He stood up again, gave Nic a nod that was almost a short bow, and then he disappeared.
There was no movement, no fading from sight. He was standing in front of Nic, and then he wasn’t.
Nic jumped out of bed. His shirt stuck to his back which was covered in sweat. He had remained calm in his mind, but his body had reacted with fear. He was shaking.
There was a perfect spherical stone in his hand. He went to the desk and dropped it in a drawer. He picked up the pen. There was no real need for it, nothing to protect himself from, but he still felt safer with it in his hands. Then he left the room, quietly but quickly. He went to the door of the cottage and opened it.
The cold night air washed over him, leaving an instant chill. He stuck his head through the door.
The white-masked Secret Service agent was standing in his usual place. He turned his head to look at Nic. He couldn’t tell if it was the same white-masked agent, but it was certainly a member of the Secret Service, standing guard, apparently to no great effect.
Nic retreated inside, closing the door behind him. Whatever power Seth controlled, barely or otherwise, it was enough to evade detection by the Secret Service.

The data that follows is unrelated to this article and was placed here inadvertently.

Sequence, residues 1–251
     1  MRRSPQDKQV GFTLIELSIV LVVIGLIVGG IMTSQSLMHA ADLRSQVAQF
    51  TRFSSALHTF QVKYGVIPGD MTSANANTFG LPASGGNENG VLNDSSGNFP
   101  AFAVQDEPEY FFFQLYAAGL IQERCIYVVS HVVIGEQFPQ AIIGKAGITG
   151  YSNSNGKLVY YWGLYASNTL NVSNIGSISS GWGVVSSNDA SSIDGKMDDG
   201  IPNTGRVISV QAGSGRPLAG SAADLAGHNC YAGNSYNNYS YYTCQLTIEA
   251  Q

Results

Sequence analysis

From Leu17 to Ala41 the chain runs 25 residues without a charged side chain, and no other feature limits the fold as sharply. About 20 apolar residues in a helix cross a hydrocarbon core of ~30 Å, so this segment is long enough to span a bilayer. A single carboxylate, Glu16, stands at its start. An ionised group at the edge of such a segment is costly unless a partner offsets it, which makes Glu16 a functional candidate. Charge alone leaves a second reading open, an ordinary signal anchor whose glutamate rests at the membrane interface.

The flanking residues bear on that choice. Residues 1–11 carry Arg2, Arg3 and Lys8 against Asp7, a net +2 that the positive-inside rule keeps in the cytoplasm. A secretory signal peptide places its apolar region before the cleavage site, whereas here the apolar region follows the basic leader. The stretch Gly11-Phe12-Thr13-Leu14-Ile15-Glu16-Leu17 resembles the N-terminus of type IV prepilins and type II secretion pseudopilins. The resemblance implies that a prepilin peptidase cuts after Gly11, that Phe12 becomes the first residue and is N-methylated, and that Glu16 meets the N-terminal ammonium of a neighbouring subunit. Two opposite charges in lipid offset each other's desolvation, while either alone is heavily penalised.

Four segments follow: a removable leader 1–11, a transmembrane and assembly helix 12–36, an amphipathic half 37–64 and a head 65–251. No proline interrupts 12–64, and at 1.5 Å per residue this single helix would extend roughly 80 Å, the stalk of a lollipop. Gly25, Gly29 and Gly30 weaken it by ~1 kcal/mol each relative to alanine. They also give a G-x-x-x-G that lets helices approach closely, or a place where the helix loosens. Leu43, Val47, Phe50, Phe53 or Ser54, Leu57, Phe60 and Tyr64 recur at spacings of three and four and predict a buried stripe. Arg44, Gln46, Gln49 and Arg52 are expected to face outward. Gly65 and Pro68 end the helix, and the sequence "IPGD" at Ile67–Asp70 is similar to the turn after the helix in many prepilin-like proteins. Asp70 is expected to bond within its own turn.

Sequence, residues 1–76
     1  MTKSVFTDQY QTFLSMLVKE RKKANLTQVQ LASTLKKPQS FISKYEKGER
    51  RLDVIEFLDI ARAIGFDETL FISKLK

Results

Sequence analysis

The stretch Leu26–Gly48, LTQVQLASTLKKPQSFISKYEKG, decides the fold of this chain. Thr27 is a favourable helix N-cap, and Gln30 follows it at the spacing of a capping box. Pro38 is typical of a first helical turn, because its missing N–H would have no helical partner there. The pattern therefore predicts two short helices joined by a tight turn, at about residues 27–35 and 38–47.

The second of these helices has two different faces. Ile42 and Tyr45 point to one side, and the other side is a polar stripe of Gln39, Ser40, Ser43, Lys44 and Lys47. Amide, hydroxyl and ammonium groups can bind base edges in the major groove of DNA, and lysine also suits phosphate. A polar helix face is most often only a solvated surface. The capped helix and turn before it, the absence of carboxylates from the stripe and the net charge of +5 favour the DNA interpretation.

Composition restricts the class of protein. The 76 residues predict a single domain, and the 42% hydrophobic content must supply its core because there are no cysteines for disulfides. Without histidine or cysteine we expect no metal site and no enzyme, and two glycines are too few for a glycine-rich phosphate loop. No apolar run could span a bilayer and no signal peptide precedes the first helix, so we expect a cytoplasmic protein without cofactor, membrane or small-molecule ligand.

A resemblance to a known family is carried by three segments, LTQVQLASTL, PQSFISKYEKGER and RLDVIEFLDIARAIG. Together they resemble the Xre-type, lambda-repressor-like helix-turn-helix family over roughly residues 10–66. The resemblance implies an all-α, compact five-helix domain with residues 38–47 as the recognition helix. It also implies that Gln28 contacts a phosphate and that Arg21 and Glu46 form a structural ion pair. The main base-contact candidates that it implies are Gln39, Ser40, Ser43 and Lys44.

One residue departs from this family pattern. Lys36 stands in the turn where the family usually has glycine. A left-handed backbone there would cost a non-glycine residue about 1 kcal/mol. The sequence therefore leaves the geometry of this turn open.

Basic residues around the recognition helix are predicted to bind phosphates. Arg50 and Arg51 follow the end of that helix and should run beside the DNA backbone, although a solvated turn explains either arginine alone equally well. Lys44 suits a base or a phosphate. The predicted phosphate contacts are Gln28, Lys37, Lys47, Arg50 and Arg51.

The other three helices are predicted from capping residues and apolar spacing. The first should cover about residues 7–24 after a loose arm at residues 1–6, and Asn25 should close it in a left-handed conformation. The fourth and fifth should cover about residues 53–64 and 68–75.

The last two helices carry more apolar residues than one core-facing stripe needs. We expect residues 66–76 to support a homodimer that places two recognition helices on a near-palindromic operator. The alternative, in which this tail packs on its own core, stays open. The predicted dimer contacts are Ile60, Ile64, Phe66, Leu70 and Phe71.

Even with the front door closed, Nic was shivering. His sweat-soaked nightshirt had robbed his body of all heat as soon as it was touched by the night air. He went to the fireplace and started a fire.
“What are you doing?” asked Davo bleary-eyed.
Nic looked up from where he was crouched by the fire trying to warm himself.
“There was a man in my room.”
“Is this a story I’m going to regret hearing?” asked Davo.
“I don’t know,” said Nic. “Probably.”
“What are you two doing?” said Fanny. He had a blanket over his head and wrapped around his body, his head poking out like an old fishwife.
“Nic’s been entertaining visitors in his room. Try not to judge.”
“Oh,” said Fanny. “Anyone we know?”
“No. Nobody I know, either. He said his name was Seth. He was from Gweur, I think. He wanted me to know I had been chosen by the Lady of the Shadows as her representative in this world. I’m very important to him and his people. He wants to keep me safe, for his Lady.”
There was a pause. Nic looked up at them.
“This, er, lady, is she like a demon?” asked Fanny.
“Good question,” said Davo. “Is she like a demon, or is she in fact a demon. Come to think of it, are you a demon?”
“No, I don’t think so,” said Nic.
“Good, good,” said Davo. “As long as you’re reasonably sure.”
“I thought… I thought Simole had attached her spirit to me, but now I’m not so sure. It may have been a demon and Simole is untethered.”
“Should we be talking about this so openly?” said Davo, nodding towards the front door.
“He didn’t hear the man telling me I was the demon’s voice in this world,” said Nic. He knew there might have been good reason for that, but he needed to talk to someone, and the two of them was all he had.
“Where is Simole?” asked Fanny. “Her spirit, I mean.”
“I’m not sure. In the Other Place, I think. That’s what her father told me.”
“You spoke to him?” asked Davo.
“Yes. He dropped by on his dragon. He wanted me to be his apprentice so I could fight demons for him. I declined.”
“Probably for the best,” said Davo.